I’m not saying you’re using it that way, or that your claim of it is necessarily inappropriate/inaccurate. It’s just that it’s been so over-used lately that now when I see it I get a gut reaction that it’s probably being used to protect someone’s ideological position.

                That’s not necessarily fair to you, of course. Your use just happened to be the one that finally caused me to vent (and my venting may not be related to the appropriateness, or lack of, of your use of the phrase). So my apologies for venting that in response to your post–I don’t remember any prior interaction with you, so I have no reason to assume bad faith on your part–but I just needed to get that out there for all to see.Report

              • Gaelen in reply to James Hanley says:

                Fair enough. I wan’t aware of that particular rhetorical devices overuse around here (I haven’t been reading LOOG lately), and thanks the civil tone after I pressed one of your buttons.Report

            • Mad Rocket Scientist in reply to James Hanley says:

              Or, to work with M.A.s analogy, levees & dams & flood channels are all a good idea, but they can also all be overwhelmed, so it’s also a good idea if each person has a raft & paddles & emergency equipment in areas prone to flooding (BTW this is exactly what the whole C.E.R.T program is about. All crisis management operates at 2 levels, macro & micro. Macro is better social services, professional first responders, etc. Micro is people trained, equipped, & ready to respond to a crisis, even if only to protect themselves & allow macro resources to deal with larger issues.Report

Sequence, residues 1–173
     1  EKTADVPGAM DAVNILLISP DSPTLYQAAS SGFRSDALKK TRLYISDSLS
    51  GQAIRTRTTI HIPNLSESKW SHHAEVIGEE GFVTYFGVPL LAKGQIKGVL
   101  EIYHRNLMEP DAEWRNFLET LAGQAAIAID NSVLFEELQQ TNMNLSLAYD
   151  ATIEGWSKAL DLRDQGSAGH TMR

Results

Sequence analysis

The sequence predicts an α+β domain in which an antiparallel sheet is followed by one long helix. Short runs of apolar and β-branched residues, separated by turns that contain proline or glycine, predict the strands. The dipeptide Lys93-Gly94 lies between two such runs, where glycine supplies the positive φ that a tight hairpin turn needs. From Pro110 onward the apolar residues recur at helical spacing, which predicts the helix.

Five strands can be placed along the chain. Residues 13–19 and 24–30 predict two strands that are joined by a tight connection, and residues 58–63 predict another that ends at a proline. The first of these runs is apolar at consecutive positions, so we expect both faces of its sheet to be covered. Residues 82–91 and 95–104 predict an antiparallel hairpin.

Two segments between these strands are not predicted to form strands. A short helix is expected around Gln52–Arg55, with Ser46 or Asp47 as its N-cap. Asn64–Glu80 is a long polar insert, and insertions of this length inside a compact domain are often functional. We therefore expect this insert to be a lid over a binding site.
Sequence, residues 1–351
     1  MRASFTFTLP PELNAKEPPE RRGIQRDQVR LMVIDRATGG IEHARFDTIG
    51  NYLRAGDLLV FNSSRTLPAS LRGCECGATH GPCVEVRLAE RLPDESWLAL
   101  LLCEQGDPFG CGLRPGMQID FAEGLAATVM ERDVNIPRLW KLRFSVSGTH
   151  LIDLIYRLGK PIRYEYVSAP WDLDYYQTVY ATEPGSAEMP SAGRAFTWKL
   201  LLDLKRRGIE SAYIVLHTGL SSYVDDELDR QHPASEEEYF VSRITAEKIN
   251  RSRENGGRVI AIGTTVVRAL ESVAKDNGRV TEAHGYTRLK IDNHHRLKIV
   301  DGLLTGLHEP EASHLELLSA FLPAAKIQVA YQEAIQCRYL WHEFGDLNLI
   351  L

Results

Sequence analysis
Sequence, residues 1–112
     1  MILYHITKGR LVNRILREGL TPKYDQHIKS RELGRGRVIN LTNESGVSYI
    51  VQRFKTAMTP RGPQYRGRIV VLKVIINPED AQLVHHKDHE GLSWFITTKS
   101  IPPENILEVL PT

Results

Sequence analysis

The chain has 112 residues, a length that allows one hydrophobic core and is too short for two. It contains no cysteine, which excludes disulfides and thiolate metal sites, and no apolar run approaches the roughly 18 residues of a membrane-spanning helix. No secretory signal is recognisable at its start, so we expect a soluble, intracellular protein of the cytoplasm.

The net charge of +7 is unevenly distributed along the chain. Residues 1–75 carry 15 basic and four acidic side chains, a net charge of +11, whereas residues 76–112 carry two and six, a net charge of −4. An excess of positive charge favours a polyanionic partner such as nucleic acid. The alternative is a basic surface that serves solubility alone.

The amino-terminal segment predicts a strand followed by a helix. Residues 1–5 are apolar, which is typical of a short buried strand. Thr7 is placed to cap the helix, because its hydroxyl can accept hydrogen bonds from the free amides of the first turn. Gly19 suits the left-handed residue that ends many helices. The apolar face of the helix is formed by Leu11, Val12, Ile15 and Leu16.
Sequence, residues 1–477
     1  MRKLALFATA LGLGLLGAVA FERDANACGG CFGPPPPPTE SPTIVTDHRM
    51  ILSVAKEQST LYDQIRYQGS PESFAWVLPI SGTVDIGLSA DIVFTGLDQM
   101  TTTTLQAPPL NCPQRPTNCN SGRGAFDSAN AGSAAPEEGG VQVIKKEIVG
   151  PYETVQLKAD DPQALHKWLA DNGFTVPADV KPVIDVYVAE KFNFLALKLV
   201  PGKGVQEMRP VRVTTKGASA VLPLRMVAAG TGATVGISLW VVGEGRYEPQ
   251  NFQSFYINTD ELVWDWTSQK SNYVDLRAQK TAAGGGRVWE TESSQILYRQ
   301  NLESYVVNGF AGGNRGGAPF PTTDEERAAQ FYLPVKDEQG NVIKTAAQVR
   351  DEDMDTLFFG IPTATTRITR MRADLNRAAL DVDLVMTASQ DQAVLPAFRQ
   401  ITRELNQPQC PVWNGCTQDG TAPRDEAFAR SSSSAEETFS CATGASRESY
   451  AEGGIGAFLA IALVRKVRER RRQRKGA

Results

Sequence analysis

7. One complicating factor in the policy implications of the narrative, at least according to the details Nob has provided (I haven’t followed the links), is that the person who put a stop to the shooting was an off-duty cop.

    I can see this fact being spun different ways. One might be the “an armed society is a polite society” way: an armed citizen put a stop to a rampage that was on its way to happening. One might be the “police are professionals and only they should have guns” way: the off-duty cop, presumably, had some training in such situations and it’s unclear from the few details I have that a civilian would.

    I’m not saying these acts of spinning are the only ways to arrive at policy implications, or that they’re not (at least potentially) a little disingenuous. But the policy implications are not clear to me.Report

    • The off-duty cop portion is one I deliberately avoided, simply because it has the possibility of sending the discussion far off the rails.

      That said, the officer in question makes note that her training was what helped her take the actions she took in an interview after the fact.Report

      • Interesting fact. Of course, it might have been otherwise, an armed civilian stopping a rampage. (I’m more inclined to the view that an armed civilian would likely have less facility in stopping the rampage, but I must admit it’s a possibility.)Report

  8. Artor says: